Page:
A previously unreleased article by Jim Klok, which had collected so much dust we figured it was time to finally release it. Illustration done by Jim Arendse.
The way we view documented skateboarding is traditionally divided by 1):
long lens or 2): fisheye. As far as I can remember (which is probably a maximum
of 5 years ago) I have been obsessively figuring out camera set-ups of filmers
while watching a skate clip.
When I was younger, skate video’s looked all the same to me. But when I skated for a couple years I started to recognize the difference in camera use, vignetting, if the steadyshot was left on, if a microphone was used… sometimes it’s even possible to tell from the colour settings who is filming the clip.
I remember hating the Sony vx2000. It always looked over-exposed and the Century mark 2 fisheye wasn’t a pretty sight either. It didn’t have the nice vignetting I was so accustomed with and it seemed like all filmers with a vx2000 blatantly left steadyshot on. The microphone also sucked for some reason (until the Polar promo came out and Pontus Alv showed how to use the vx2/mk2 combination properly).
Anyway, since the rise of iPhone filming and the new Panasonic HVX camera’s, I started noticing a new kind of angle in which skateboarding was documented. It wasn’t a long lens dolly shot, and it also wasn’t a ultra-close up fisheye shot. It was something I called, for lack of a better term, the ‘observant’ angle. Popularized by Johnny Wilson and his blogs, the angle is preformed best while having a fisheye on your camera, standing up straight, looking through the viewfinder and slightly filming downwards. Filming fisheye lines standing up straight or filming single tricks from a distance with a fisheye, it shows a kind of ignorance or even irony which of course makes sense in this day and age.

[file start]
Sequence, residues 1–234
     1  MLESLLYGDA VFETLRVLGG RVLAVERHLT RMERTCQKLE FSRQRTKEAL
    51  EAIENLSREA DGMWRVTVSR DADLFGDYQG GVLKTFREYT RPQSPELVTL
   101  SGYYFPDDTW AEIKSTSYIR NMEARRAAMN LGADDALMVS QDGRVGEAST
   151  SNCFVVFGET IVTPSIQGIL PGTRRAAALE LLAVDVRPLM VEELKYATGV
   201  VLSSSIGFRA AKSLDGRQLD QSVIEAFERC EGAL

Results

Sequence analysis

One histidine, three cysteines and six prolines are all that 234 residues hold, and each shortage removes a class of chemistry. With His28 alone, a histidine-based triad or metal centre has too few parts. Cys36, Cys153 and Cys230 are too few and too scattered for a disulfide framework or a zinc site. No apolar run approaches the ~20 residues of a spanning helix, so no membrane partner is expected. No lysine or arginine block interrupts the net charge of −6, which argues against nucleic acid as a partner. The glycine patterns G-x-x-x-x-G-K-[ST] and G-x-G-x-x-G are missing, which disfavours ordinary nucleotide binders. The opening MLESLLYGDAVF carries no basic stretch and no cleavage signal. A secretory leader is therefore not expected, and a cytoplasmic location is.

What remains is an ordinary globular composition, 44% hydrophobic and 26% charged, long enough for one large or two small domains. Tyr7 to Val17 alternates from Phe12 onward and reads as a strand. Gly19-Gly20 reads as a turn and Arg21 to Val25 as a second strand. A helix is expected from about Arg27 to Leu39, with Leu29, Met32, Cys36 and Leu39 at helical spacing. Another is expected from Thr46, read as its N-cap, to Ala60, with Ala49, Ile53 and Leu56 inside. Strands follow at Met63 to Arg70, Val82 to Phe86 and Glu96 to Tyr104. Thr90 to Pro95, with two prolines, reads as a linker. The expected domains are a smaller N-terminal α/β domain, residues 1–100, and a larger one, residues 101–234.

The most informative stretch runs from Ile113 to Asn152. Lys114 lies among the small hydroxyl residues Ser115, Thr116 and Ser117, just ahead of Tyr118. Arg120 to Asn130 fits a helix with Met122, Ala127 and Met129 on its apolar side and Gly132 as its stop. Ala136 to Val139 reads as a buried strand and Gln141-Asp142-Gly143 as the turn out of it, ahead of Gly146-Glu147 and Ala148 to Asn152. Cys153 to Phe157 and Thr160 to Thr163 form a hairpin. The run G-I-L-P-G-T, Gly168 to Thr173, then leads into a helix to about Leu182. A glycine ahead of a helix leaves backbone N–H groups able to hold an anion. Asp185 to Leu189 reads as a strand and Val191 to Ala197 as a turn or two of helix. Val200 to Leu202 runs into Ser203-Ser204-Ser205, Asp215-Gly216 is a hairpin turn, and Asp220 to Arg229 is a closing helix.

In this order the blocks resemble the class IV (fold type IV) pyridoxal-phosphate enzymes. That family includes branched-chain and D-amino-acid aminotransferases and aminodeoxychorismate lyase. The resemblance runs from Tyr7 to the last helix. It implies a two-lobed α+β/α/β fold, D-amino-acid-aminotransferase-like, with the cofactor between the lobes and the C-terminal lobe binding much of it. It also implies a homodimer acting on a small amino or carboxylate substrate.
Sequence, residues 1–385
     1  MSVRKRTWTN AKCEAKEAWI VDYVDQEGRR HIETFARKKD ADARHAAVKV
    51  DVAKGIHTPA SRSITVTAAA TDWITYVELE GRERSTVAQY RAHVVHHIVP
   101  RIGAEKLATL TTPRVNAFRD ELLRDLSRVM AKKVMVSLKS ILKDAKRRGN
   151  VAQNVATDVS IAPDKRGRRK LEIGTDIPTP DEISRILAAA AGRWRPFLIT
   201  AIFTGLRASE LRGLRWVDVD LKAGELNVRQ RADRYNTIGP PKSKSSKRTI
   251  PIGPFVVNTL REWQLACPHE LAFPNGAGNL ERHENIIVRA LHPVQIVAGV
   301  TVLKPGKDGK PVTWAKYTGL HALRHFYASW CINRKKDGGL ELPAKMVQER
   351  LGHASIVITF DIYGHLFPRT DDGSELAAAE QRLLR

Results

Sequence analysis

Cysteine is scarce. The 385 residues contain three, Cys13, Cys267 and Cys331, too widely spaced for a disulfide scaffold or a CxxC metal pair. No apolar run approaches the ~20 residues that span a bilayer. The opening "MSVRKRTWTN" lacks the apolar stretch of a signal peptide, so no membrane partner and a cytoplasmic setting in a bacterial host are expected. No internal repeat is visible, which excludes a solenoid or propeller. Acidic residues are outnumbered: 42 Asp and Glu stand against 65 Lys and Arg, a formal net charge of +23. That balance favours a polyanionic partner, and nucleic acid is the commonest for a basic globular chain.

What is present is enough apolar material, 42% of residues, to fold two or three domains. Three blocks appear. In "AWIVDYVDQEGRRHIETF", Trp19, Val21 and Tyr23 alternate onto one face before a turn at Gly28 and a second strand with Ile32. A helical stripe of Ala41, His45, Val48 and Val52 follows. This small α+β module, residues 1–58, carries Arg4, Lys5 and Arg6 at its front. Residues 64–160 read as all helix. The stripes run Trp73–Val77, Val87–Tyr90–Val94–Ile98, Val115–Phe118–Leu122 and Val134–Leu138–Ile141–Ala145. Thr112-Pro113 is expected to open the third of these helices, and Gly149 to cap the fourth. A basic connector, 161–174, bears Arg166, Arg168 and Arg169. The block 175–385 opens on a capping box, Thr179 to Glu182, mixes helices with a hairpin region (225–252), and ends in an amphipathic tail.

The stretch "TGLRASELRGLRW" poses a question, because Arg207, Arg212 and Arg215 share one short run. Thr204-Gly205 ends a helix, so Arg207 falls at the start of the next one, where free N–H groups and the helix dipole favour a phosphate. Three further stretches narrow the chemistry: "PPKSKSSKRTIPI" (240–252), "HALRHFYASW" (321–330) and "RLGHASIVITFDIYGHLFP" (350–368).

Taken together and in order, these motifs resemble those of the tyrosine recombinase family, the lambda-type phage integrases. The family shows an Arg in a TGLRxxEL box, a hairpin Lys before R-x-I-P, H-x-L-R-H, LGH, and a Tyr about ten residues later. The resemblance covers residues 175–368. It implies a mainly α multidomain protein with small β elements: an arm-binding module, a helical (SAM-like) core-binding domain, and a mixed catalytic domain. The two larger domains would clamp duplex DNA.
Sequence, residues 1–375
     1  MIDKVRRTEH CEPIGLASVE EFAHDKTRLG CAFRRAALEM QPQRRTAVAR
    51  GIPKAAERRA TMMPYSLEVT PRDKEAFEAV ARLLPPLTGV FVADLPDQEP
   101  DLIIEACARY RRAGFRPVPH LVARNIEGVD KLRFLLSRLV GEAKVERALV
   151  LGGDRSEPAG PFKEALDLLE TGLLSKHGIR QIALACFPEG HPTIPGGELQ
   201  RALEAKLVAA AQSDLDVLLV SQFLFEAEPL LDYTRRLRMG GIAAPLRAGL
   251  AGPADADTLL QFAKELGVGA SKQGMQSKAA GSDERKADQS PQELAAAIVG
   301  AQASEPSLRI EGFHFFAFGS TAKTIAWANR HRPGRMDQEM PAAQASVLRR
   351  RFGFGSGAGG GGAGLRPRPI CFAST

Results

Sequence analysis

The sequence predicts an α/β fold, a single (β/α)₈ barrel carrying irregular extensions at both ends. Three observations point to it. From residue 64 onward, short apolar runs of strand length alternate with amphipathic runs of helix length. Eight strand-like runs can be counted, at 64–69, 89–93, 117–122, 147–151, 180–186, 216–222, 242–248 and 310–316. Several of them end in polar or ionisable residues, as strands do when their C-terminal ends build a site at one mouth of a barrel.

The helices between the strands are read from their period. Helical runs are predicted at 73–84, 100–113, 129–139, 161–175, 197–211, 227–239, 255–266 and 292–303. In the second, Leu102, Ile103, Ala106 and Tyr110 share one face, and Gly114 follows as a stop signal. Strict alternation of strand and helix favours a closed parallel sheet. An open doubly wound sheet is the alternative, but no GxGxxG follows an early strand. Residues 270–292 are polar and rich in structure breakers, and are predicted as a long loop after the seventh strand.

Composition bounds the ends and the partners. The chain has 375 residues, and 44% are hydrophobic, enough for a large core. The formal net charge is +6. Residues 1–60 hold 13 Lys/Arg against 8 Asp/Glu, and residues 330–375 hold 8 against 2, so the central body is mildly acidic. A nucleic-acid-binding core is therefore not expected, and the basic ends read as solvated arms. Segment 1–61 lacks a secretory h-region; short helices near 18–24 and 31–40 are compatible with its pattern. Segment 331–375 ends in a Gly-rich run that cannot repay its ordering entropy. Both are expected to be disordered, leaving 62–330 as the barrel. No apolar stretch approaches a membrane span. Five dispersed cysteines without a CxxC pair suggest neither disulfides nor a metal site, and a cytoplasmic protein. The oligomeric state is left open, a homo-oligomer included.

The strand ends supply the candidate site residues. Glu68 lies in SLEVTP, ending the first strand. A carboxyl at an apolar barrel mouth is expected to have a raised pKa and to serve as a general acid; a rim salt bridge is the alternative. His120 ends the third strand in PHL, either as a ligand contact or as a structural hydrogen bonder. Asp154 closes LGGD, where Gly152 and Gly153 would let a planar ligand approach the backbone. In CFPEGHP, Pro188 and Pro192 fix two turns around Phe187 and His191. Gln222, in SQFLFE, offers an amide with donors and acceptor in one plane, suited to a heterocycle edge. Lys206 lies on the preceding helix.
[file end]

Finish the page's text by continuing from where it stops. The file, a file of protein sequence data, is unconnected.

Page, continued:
Someone who mastered this angle is Bill Strobeck. Filming people talking to each other or saying something close to the fisheye, showing supreme box logo shirts or blowing cigarette smoke in the lens, it allowed for a lot of personality to show during a skate video.
This angle is a parody on filming itself, but by doing that making it a super good working one. A filmer not trying to film something properly while a heavy trick is going down. Trying to not try hard and making it seem like you’re not trying to… it’s a skill that most of us wish we had.